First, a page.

What would life be like for people in an 1800s era setting (give or take a century or specific technologies that should or should not exist if it's convenient), who live on a planet inhabited by the aliens from Pitch Black? Assume it's an earth like planet only into which the aliens from Pitch Black are introduced somehow, rather than a planet on which the aliens evolved naturally.

To be more specific about the aliens:

  • They come out at night, in large numbers, are extremely aggressive and will actively hunt humans
  • To keep things simple, assume they cannot fly, but rather run along the ground, albeit faster than a human. They can climb walls but don't have any real intelligence so for instance they wouldn't attempt to open a door. They might however try to batter down the doors/walls/windows if they smell prey inside.
  • They are extremely sensitive to light, to the point where they will flee from anything moderately bright. Any which are somehow trapped and unable to return to their nest or find some other dark place to hide come daytime will die (kind of like vampires I guess).
  • They leave fields of crops alone for the most part - they'll ignore wheat fields or whatever, though they might pass through them randomly on their wanderings or if they're chasing prey.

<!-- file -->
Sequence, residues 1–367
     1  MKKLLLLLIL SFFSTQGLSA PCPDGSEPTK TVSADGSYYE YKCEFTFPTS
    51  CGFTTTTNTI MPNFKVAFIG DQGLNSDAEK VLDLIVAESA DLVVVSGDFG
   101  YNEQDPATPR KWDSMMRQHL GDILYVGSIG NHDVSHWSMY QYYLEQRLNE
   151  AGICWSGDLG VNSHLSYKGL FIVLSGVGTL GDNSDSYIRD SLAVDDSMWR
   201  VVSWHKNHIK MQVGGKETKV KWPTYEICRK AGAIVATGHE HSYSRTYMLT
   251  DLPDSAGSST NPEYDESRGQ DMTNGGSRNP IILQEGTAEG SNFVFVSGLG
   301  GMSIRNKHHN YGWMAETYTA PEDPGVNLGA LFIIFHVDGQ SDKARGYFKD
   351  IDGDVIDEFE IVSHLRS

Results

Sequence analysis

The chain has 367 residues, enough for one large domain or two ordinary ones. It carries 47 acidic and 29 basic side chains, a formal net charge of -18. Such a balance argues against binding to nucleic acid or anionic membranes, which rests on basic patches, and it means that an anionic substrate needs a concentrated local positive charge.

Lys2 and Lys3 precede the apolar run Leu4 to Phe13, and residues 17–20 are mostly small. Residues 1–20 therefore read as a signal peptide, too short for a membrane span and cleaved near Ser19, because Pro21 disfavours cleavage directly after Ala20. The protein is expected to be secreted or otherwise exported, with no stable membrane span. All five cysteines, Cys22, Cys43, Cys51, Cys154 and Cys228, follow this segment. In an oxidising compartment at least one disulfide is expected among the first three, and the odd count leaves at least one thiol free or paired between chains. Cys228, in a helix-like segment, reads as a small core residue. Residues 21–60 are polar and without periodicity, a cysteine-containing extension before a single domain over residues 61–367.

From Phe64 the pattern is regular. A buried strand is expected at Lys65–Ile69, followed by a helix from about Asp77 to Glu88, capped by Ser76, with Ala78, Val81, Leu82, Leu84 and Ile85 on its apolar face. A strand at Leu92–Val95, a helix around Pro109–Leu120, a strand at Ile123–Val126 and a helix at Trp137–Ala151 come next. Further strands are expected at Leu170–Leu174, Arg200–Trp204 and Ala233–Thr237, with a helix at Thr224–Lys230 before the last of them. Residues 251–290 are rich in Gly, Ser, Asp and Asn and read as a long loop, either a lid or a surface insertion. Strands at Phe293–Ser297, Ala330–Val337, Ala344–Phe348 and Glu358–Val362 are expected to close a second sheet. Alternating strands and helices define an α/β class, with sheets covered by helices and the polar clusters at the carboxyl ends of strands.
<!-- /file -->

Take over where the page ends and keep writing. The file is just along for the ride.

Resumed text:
• They will eat animals as well.

I imagine society would look very different. For instance, I imagine towns would probably not be much further than a long day's ride apart, as any further and a trip between the two means something going wrong and you're stuck outside in the dark outside the walls. Which leads me to....

  • All human settlements would be walled, and have large bonfires lit along at regular intervals which are kept on all night. Once electric power and lights begin to become more mainstream, I'd assume this would be moved over to electric spotlights or something, though that seems risky - power outages would mean the potential death of everyone in the town.